Jameson Taillon’s 2021 was undoubtedly a mixed bag. He started the season poorly, had a spectacular July, and finished with an average second half, culminating in an ankle injury at the end of the season.
Looking at Taillon’s pitch mix during his dominant July, nothing dramatically different is apparent. Furthermore, Taillon’s pitch mix in the second half of the campaign doesn’t show any dramatic shifts. Last year, Taillon used his fastball roughly 50 percent of the time, a combination of either his curve or slider roughly 40 percent of the time, and the remainder of his repertoire filled out the final 10 percent of his pitch mix. Looking at his pitch profiles, we see Taillon has a plus fastball, with a high spin rate and good vertical movement. He also has a plus curveball that is above league average in vertical and horizontal movement. Finally, his slider has plus horizontal movement, and his cutter and changeup are league average.
If you peek at the pitch mix charts below, though, there is one pitch that Taillon began throwing at the end of May and continued to use consistently through the remainder of the year: a sinker. Once Taillon started throwing his sinker at the end of May, he used it more than his cutter and almost as much as his changeup. During that terrific July, we can see that he did throw his fastball slightly less than in previous months and used his sinker more.
Through two starts this season, Taillon’s pitch mix has been similar to last season. That said, he has started throwing his sinker right out of the gate, and he has used it a little more often. Taillon’s sinker usage isn’t notably extensive, roughly 10 percent of his pitches last season and a bit over that mark (around 13 percent) through two starts this season. While two starts are too small of a sample size to declare any permanent pitch mix changes, it is interesting to see Taillon use this pitch slightly more and use it to start the season. However, Taillon’s sinker is truly interesting because it is remarkably unremarkable.
Looking at the movement on Taillon’s sinker reported by Baseball Savant makes one wonder: why he is throwing this pitch? His sinker’s vertical and horizontal movement are both significantly below league average. Specifically, his vertical movement is 24 percent below average, and his horizontal movement is 15 percent below average. Strictly looking at pitch movement, this is Taillon’s worst pitch.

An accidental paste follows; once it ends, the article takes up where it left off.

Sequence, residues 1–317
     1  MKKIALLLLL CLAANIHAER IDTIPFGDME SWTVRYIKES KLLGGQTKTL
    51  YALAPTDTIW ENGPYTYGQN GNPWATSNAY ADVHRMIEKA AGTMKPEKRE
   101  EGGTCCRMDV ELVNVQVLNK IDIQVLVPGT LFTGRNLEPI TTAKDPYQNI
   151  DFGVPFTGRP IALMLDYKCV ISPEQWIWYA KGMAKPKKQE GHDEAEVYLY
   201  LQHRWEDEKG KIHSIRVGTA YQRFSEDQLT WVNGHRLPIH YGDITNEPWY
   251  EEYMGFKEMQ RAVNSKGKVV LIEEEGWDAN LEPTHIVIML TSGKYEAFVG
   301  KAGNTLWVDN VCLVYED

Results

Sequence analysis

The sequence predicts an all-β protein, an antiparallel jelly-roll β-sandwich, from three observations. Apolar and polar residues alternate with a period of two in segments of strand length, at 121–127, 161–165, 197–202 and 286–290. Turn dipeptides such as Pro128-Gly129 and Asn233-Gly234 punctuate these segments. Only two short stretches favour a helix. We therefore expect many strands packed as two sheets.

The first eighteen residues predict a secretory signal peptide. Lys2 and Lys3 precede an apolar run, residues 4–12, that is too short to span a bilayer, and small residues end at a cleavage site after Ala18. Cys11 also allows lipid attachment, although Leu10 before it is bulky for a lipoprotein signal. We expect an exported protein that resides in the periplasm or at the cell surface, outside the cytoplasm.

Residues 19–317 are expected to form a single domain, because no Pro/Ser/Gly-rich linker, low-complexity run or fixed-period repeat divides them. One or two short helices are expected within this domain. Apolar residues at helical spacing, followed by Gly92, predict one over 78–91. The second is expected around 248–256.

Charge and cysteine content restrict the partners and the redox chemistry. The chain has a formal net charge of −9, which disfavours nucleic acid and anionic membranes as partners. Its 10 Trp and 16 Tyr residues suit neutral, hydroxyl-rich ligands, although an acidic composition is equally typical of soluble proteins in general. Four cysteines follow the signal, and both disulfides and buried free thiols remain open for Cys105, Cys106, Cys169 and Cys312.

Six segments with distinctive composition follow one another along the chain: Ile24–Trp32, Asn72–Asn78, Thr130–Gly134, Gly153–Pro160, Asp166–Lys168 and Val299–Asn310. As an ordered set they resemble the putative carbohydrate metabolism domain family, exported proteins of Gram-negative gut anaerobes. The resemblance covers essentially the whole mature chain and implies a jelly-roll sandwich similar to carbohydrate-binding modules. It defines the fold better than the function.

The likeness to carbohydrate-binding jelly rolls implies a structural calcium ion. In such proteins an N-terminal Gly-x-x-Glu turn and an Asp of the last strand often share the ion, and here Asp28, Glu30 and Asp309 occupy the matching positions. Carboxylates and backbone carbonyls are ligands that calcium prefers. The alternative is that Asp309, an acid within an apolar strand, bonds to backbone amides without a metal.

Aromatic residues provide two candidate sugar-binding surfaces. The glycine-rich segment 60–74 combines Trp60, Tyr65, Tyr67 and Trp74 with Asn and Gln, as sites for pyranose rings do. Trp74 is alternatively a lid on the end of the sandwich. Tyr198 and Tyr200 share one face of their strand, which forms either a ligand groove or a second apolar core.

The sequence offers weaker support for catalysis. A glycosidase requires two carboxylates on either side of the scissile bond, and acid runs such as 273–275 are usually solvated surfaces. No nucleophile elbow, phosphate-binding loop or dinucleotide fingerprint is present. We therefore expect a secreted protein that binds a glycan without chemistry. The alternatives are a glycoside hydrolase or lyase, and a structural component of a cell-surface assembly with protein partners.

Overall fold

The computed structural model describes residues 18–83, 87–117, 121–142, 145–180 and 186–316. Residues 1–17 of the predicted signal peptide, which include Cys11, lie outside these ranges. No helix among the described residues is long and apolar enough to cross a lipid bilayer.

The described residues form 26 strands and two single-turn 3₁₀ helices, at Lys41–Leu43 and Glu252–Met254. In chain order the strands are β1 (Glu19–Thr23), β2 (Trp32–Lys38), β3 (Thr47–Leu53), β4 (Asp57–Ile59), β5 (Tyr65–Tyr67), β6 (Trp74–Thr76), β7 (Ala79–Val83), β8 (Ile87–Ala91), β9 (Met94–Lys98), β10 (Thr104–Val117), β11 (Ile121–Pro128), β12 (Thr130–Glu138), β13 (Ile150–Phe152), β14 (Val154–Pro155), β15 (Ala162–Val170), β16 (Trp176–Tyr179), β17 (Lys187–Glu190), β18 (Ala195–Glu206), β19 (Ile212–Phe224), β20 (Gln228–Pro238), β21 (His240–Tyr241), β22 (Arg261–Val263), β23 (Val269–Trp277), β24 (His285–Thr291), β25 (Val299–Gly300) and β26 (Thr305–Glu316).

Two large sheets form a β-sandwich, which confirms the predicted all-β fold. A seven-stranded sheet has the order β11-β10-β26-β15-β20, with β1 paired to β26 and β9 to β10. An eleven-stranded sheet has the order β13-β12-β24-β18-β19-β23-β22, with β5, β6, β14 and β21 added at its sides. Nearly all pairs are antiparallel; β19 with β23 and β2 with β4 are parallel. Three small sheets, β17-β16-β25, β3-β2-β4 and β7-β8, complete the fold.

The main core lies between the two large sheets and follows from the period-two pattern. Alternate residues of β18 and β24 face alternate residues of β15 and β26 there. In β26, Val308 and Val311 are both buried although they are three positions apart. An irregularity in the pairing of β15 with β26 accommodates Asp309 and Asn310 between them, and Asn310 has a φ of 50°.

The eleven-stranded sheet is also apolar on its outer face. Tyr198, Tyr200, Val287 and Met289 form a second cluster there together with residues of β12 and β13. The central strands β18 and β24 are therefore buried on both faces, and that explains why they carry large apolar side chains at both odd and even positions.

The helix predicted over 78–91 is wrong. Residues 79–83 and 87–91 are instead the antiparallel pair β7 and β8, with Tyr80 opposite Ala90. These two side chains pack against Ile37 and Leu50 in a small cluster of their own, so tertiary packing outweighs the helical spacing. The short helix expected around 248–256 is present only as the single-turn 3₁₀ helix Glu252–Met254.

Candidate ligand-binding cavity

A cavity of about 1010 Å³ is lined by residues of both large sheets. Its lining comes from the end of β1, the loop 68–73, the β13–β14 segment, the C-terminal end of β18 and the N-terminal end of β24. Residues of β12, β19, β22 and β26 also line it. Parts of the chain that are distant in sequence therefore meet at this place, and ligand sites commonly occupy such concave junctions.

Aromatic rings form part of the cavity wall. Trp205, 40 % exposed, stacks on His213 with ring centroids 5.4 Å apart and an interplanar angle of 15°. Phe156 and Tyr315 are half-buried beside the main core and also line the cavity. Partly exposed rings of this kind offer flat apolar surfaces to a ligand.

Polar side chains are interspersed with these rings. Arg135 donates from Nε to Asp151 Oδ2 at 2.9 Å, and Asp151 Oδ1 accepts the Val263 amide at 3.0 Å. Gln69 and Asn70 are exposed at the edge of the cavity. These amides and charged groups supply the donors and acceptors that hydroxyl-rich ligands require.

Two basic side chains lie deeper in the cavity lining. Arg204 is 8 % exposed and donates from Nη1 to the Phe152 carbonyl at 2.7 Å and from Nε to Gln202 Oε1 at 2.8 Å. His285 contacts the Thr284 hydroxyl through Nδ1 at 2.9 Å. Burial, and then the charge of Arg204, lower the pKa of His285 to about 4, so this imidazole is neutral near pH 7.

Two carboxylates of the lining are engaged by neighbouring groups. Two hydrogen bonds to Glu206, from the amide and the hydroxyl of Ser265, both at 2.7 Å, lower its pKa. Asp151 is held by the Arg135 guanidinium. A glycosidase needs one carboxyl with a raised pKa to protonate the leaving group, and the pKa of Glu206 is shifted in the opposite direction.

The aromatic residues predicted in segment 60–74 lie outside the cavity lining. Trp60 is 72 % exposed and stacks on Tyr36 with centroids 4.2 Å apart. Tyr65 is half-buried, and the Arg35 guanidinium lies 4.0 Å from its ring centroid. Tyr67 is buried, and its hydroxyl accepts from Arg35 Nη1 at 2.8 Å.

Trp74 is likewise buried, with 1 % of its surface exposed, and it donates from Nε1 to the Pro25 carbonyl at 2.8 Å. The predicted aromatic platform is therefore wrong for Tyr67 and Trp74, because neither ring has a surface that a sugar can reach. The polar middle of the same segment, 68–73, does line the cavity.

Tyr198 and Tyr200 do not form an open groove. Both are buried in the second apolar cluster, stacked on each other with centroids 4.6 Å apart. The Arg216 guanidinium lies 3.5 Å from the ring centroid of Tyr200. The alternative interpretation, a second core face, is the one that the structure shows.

On the other hand, looking at pitch run values on Baseball Savant, Taillon’s sinker was his third-best pitch last season. Now I must point out that he did not throw the pitch much, but compared to his other low-frequency offerings, his changeup and cutter, it was still a better pitch for him. His sinker use is even more interesting because Taillon’s cutter and changeup are league average pitches when looking at vertical and horizontal movement, while the sinker is not.
In 2021, Taillon used his sinker 130 times, 120 of which were to right-handed batters, where he used it to pound the inside corner of the plate. He also used his slider 386 times, all to right-handed batters. Using his slider and a sinker against right-handed batters allows these pitches to play off each other. Specifically, sliders and sinkers are often paired because they break in opposite directions, making them a compelling pairing that can challenge hitters when executed well. For Taillon, the use of his sinker is still limited, because it is not necessarily a great pitch on its own, at least based on its underlying characteristic. Instead, it serves as a show-me pitch to set up his slider. But there’s another benefit to throwing his sinker; it makes him less predictable.
Last season, Taillon used his fastball nearly 50 percent of the time, and he threw this pitch in the upper-middle of the zone, taking advantage of his above-average vertical movement. But one of Taillon’s problems last season was his inability to keep his fastball in the top of the zone. This combination made it easy for hitters to sit on fastballs that could creep to the middle of the zone, especially when approaching the third time threw the order. Of the 24 home runs given up by Taillon last season, 13 were off of fastballs; his next highest count is four off of his cutter. Given that this is a fastball-hitting league, that is not what you want to see. Taillon didn’t allow a home run off his sinker last year, and only gave up one home run off of his slider. If Taillon can mix his pitches more effectively and reduce his fastball usage even slightly, it could help him address how predictable he was last season.
Taillon’s fastball and curveball already pair well, and using the sinker to set up his slider could prove valuable for Taillon this season, giving him a second pair of pitches to confuse hitters with. I must stress a pinch of caution due to the small sample size, but potentially, Taillon could make himself less predictable, and more difficult to face. If Taillon wants to take a leap this year, harnessing the potential of his slider/sinker combo could be key.